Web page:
The Iran-Iraq War causes

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The Iran-Iraq War (1980-1988)
Background and causes
Context
1979: Egypt-Israel Peace Treaty
 1979: Iranian Revolution
 1980: Soviet invasion of Afghanistan
 1982: Israeli intervention in the Lebanese
Civil War

Iran
Originally the Persian Empire
 Predominantly Shiite Muslim
 Ruled by Shah (king) Mohammad Reza
Pahlavi (1941-79)
 Close ally of the US until the Iranian
Revolution

Iranian Revolution (1979)

The Shah’s policies became unpopular:
◦ “White Revolution in 1963” favoured wealthy
classes
◦ Heavy reliance on US support
◦ Efforts to secularise Iran
◦ Corruption
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
Religious leader Ayatollah Khomeini became
a political figure after being exiled by the
Shah in 1963
Khomeini successfully spread his political
ideology and united opposition groups
against the Shah whilst in exile
Demonstrations against the Shah begin in
1977
Climax in December 1978; over 10% of
Iranians demonstrate against the Shah
The Shah is forced to abandon his position in
1979
Iraq
Formerly part of the Ottoman Empire
 British mandate until 1932
 Arab identity; culturally different from the
Persians
 3 distinct demographic blocs

◦ Sunni Muslims (held majority in the
government)
◦ Shiite Muslims
◦ Kurdish minority
Rise of Saddam Hussein

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The Hashemite monarchy is overthrown
in a military coup in July 1958
The coup was inspired by the panArabism movement by Nasser and was
discontent with Britain’s heavy influence
in Iraq
Another coup in 1963 established the
Arab Socialist Baath Party in Iraq.
Saddam Hussein was the Party Secretary
at this time.
The Baathists formerly seized power in
a bloodless coup in 1968. Saddam
Hussein is named President Al-Bakr’s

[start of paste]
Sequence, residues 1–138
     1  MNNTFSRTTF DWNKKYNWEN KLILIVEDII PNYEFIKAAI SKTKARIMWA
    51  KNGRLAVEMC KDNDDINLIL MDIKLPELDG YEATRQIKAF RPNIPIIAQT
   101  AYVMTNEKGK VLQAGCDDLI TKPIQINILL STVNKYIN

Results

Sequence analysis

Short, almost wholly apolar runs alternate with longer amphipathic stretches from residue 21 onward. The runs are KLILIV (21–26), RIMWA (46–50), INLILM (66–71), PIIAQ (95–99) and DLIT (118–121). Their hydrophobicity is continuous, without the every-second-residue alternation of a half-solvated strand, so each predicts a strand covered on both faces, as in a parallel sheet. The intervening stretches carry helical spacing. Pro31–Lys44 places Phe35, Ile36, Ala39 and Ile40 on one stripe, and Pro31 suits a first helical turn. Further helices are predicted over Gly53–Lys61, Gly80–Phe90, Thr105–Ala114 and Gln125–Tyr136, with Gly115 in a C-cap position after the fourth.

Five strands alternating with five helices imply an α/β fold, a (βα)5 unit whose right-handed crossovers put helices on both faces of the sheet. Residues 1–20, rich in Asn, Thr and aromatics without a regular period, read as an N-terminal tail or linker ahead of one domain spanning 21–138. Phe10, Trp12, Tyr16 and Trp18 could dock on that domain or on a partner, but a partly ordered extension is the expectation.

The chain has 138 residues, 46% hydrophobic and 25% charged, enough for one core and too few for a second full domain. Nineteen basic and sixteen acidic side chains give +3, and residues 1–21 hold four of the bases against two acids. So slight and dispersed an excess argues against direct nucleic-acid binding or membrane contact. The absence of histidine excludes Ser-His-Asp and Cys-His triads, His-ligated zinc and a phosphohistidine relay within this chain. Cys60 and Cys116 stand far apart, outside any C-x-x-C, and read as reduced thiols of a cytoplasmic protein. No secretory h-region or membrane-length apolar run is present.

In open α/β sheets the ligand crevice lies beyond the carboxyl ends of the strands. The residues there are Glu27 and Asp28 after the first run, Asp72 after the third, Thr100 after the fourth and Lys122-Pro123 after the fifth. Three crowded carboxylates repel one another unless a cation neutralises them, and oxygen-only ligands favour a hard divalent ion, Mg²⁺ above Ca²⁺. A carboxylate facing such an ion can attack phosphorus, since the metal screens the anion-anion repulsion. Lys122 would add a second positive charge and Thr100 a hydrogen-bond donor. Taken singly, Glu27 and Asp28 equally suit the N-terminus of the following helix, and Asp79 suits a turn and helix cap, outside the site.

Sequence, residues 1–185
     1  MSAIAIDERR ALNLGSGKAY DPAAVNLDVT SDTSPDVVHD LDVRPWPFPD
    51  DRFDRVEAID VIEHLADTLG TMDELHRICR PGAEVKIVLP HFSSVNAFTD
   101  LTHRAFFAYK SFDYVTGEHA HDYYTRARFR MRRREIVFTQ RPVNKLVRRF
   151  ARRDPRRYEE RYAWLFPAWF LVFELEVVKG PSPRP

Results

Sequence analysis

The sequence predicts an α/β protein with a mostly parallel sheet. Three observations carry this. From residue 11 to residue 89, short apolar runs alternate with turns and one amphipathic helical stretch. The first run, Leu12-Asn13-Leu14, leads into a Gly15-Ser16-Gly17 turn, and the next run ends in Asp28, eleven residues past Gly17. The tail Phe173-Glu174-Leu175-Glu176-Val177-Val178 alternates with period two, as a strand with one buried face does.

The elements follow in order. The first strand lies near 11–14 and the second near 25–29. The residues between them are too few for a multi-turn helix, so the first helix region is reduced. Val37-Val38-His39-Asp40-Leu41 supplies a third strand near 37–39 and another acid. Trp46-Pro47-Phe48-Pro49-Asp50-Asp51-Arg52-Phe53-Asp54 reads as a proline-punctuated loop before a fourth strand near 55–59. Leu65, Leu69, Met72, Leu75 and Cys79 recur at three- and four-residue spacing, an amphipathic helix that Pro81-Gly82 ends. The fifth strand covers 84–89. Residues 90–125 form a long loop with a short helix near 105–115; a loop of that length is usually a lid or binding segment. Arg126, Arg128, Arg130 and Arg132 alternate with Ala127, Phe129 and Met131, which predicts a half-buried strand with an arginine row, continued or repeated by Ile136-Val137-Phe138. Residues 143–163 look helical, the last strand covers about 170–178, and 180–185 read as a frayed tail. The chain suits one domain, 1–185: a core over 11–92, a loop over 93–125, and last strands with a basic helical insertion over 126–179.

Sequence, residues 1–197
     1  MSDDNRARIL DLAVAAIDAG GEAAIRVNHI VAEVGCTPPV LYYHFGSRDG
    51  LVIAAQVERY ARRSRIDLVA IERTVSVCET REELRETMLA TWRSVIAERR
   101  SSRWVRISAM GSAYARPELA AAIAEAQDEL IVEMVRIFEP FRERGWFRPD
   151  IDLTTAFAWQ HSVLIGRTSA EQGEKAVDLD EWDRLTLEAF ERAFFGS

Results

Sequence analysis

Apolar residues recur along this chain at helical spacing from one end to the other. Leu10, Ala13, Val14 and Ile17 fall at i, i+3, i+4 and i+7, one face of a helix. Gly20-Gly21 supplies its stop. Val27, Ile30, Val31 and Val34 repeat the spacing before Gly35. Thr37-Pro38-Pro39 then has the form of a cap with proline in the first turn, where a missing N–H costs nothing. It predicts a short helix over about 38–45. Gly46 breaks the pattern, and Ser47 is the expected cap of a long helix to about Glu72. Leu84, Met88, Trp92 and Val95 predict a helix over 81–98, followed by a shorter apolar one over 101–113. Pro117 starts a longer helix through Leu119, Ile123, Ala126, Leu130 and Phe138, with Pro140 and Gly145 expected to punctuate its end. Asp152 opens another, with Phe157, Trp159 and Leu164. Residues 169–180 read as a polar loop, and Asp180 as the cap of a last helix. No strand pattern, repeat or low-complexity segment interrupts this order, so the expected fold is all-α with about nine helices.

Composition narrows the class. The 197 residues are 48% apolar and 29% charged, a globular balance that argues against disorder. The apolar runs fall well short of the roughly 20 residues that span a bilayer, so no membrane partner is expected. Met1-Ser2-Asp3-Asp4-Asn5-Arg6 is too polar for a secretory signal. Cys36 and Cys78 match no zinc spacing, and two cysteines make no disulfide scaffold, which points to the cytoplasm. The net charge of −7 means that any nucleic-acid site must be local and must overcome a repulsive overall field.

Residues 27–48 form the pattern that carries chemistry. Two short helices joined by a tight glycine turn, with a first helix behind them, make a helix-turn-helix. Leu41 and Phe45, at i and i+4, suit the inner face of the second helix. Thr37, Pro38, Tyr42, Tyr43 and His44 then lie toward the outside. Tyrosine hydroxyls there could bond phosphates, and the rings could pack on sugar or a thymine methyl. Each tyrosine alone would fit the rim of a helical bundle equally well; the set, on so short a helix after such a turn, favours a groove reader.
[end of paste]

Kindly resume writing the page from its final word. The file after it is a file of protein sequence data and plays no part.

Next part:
Deputy.
Saddam continued to build his power
base, forcing Al-Bakr to resign in 1979
Shatt al-Arab conflict

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The Shatt al-Arab waterway laid at the Iran-Iraq
border and was the confluence of many rivers
that ran through both Iran and Iraq
Economic importance: The waterway was
essential to connect Iraqi and Iranian
cities/oilfields to the Gulf
The waterway was critical for Iraq as it had a
limited access to the Gulf
The ambiguous border and Iranian support for
the Kurds in Iraq led to open conflict in 1974
The conflict was resolved by the 1975 Algiers
Agreement. Iraq agreed to divide the Shatt alArab equally in return for peace with Iran.
CAUSES
Sunni-Shia divide

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Early historians of the Iran-Iraq War contend that the
traditional divide between Sunni and Shiite sects
contributed to the outbreak of war
The adoption of Shia Islam as the official state religion
in Persia during the 16th century caused territorial
fragmentation in the Islamic World. Whilst Ottoman
rulers sought to re-establish Islamic unity, Persia,
under Shah Ismail I, sought to separate itself from the
Sunni faith.
The divide caused intense rivalry
Khomeini’s Iranian Revolution can be compared with
Shah Ismail’s doctrine, since both advocated Shia
teachings and traditions, and undermined the
separation of religion and state.
Essentially the war was a re-emergence of this divide
Results of the Iranian Revolution
Ayatollah Khomeini seizes power as the Supreme
Leader of Iran. Under Khomeini, an aggressive and
xenophobic Shiite theocracy is set up.
 Khomeini needed a distraction from domestic
troubles:

◦ Economic problems inherited from the Shah’s rule
◦ Many who had supported the overthrow of the Shah
now mounted in opposition of Khomeini
Iran began to openly denounce the Iraqi
Government, supporting Iraqi opposition groups
and engaging in border skirmishes
 Saddam Hussein saw this as a violation of the
1975 Algiers Agreement

Results of the Iranian Revolution
Khomeini advocated to “export the
Revolution”. This threatened Iraq, since